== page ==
One of the things that I’ve found easier to focus on is continuing to cultivate a responsible approach to food consumption. Maybe it’s something to do with the fact that you have to provide yourself (and others, if you’re at home with family) with sustenance each day. I’ve really been enjoying throwing myself into cooking whilst in lockdown.
Make the most of the longer evenings and time saved from lengthy commutes by cooking homemade foods with everything you have in the cupboards already. Dive into that neglected stack of cookery books or bookmarked websites to find a new plant-based recipe to your cooking arsenal – there’s never been a better time to try more hands-on meals and build up your sustainable, seasonal repertoire. Aim to cut down your food waste by composting at home and finding new ways to use ingredients that are on their way out. I love cooking down fruit that may have gone soft into a summer fruits medley for a crumble, as well as chopping and freezing fruit and veg for smoothies. And you can of course follow the nation’s lead and whip those brown bananas for into a delicious plant-based banana bread.
If you want to take things one step further, why not use the extra time at home to experiment with growing your own produce too. Make sure your seeds are Soil Association-approved, and try planting up tomatoes, radishes or cucumbers, or window box herbs (if you don’t have a garden) instead of buying from the supermcarket or grocers. Your left-over eggshells and incense ashes will work wonders as fertiliser.
Image: Lilo Ask-Henriksen, Emma Slade Edmonson
Taking part in community initiatives
It’s very important for our emotional and mental well-being that we feel like we are connected to, or part of a wider community. We also often feel far more centred and capable when we are focussed on a greater sense of purpose that sits outside of ourselves and our immediate everyday needs. I would wholeheartedly recommend finding your conscious community to motivate and inspire you to keep going with small sustainable habits at home during this time. For me building community, connecting cultures and building our understanding of one another’s experiences are integral to creating progressive sustainable systems and structures.
One creative idea that really speaks to this for me is Quarantine Quilt – a collective community project that aims to build kinship through isolation, it offers the opportunity to carve out some mindful down time by contributing to a quilt which will be made up of all of our collective hopes, fears, dreams and poignant lock down moments. Cultivating a creative ethos and getting used to utilising leftover materials for new projects is such a great way to gradually train yourself not to waste resources, whatever they might be.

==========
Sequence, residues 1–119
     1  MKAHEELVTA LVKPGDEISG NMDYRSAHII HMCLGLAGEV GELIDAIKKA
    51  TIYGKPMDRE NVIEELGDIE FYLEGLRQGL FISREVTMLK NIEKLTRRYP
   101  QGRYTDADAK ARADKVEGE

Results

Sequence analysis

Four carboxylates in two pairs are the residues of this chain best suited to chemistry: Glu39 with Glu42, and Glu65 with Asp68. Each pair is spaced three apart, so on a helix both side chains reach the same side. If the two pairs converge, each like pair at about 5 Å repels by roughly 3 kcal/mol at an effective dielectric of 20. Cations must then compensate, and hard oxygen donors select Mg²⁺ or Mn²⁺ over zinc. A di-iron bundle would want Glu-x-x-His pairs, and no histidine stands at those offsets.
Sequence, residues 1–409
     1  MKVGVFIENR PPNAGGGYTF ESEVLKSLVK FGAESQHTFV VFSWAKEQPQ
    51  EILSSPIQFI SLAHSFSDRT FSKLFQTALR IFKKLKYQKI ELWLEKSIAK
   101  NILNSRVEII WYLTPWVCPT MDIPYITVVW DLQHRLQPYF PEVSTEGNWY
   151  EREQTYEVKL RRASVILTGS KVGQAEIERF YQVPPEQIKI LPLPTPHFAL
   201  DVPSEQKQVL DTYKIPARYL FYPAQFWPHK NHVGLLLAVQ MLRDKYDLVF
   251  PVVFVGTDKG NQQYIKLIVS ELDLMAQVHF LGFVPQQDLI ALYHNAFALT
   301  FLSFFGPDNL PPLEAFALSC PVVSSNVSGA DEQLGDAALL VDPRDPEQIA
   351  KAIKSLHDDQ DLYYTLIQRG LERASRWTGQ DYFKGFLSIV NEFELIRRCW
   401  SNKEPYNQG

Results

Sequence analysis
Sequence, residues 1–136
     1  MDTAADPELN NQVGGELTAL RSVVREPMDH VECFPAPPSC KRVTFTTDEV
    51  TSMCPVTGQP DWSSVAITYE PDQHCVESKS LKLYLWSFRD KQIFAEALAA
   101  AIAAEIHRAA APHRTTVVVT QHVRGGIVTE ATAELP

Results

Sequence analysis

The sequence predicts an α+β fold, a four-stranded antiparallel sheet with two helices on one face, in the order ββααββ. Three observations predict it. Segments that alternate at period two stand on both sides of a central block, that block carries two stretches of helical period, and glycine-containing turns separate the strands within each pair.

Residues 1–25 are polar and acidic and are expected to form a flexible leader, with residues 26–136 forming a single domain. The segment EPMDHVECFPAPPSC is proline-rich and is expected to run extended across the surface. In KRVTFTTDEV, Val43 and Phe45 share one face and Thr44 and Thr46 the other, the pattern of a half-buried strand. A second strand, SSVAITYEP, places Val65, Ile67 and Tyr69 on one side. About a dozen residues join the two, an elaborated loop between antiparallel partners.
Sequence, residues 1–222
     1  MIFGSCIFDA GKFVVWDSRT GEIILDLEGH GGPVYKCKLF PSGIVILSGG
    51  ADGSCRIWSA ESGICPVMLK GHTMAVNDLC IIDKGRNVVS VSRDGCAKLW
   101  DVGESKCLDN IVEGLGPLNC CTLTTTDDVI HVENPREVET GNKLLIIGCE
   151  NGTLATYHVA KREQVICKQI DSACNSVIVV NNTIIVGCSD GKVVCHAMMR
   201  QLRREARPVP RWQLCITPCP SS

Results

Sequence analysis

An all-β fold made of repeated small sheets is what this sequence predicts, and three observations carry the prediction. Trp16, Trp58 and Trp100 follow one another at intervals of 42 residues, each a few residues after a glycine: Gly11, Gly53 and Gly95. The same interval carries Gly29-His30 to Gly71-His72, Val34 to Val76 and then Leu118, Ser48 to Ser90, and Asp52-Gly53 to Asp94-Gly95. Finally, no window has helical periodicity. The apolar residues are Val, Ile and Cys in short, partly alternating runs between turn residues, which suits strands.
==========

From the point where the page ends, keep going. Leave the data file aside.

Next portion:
Another initiative that has caught my eye is the Sustainable Lifestyle Awards. Tuning in to their Sustainable Brand of The Day updates is a great way to stay clued up on new innovation and brands. Using this time to do your research and discover the companies that are operating in a responsible way it sure to help you set concrete foundations for more sustainable lifestyle – not just during lockdown but for the future too.
Making those simple switches
Now is a great time to finally get around to establishing a more sustainable beauty routine, and I’ve been using the lockdown to make headway in my quest for a plastic-free bathroom. Support independent natural beauty brands by branching out from your usual regime, exploring package-free options or swapping plastic bottles for glass ones. You could also take this opportunity to finally make the switch to reusable feminine hygiene products like menstrual cup or period pants. Ohne biodegradable tampons are a great middle ground too.
Another recent switch I’ve made is swapping normal tea bags which usually contain plastic, for biodegradable ones. Pukka, Tea Pigs or We are Tea are some of my favourite brands. Better still, you could ditch the bag altogether and start to use tea leaves – then you’ll be making a small sustainable act every time you sit down for a tea break and a cuppa!